Published at Friday, February 16th 2018. by Kornelia Nicole in Toilet Seat.
Guy says the amperage needed for a smart toilet is very low and having an electrician run an outlet near the toilet is pretty straightforward and easy. In the worst case scenario you can install a wire along the wall with a casing over it. He does warn that the all-inclusive smart toilet models require power to flush the toilet. So if the power goes out your toilet won’t work.
Kohler’s PureTide shown here is a manual bidet seat without the need for electricity. It operates just on water pressure alone. So if your power goes out you’re still good. The water isn’t heated so “people need to get a little accustomed to that” Allis says. But it installs quickly and simply. The cost is a little over $100 and can work on pretty much any current toilet. And that brings up another one of the biggest hurdles that manufacturers face in getting integrated smart toilets into consumers’ homes: education on wet vs dry cleaning.
“They’re fantastic” Guy says of the new smart toilets. “We are not using as much water. Bidet seats are reducing the amount of paper use after you’ve gone number two. Low-flush toilets have caused nothing but issues with clogged sewer lines”. Toto’s Strang agrees. “The next step of toilet evolution is getting down to the lowest possible water consumption” he says. Most Toto toilets now flush with only 1 gallon vs. the national standard of 1.6 gallons per flush. “We’re phasing out all higher-flush toilets and moving down to the 1-gallon solution” he says. But water conservation isn’t the only hurdle toilet manufacturers face.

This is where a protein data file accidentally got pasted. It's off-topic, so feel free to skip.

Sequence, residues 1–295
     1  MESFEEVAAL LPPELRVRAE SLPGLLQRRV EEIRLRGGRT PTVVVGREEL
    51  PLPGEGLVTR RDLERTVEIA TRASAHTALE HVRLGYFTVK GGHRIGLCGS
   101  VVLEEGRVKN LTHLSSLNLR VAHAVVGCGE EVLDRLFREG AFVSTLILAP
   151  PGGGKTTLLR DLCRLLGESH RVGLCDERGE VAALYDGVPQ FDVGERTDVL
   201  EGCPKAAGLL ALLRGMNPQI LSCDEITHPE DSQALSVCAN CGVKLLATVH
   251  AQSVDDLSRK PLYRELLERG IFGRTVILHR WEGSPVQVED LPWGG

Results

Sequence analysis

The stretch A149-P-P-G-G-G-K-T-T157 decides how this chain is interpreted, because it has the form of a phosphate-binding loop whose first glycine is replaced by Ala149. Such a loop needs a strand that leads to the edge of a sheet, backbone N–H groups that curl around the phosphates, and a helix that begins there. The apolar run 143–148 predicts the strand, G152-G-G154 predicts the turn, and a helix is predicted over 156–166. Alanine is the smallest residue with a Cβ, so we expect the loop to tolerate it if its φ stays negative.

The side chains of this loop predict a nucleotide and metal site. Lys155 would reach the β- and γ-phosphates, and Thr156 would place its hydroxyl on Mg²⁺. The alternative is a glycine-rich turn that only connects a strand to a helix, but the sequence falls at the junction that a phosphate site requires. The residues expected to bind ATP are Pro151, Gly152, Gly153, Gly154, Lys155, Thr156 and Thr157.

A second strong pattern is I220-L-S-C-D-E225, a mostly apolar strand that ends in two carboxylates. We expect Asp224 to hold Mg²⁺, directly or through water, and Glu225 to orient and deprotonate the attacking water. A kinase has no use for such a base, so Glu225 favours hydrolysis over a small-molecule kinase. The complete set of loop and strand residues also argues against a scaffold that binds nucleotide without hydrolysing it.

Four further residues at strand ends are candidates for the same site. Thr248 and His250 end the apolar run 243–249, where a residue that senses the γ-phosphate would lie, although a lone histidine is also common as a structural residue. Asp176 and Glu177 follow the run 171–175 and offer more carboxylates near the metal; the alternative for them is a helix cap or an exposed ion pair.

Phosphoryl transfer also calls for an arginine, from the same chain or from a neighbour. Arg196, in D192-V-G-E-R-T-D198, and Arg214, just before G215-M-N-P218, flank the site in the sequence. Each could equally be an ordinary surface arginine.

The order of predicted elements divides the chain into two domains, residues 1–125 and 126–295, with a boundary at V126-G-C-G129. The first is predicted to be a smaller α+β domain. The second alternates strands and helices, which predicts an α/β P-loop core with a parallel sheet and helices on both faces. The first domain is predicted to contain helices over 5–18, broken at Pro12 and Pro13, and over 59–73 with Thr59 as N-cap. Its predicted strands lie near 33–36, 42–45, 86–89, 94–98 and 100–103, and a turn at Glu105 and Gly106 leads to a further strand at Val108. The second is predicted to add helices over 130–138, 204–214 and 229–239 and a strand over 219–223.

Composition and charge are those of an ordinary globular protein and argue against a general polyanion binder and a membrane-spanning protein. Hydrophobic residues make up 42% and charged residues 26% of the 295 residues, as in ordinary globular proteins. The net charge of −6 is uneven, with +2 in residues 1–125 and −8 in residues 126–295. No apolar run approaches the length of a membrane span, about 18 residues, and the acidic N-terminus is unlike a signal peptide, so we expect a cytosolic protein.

A playfully ornate bathroom takes its black and white seriously. Crisp stripes mix with glossy black paint elegant marble tiles and over-the-top gilded accessories. It’s kind of like the commode is wearing a tux to a party at the Great Gatsby’s house. This luxe bathroom combines silver crocodile wallpaper with a black marble wall; an all-white toilet would be a snore in such a dynamic bathroom. The black and white commode complements the bold eclectic paisley wallpaper in here.
What Guy likes best being a plumber is the bidet feature which conserves water and cuts down on the amount of toilet paper that gets flushed down the pipes. He says while toilets continue to use less water people aren’t producing less waste or using less toilet paper. And that has wreaked havoc on sewer lines. He sees a ray of hope with bidet systems. When people use them they use less toilet paper which allows flushing with less water and puts less strain on plumbing.
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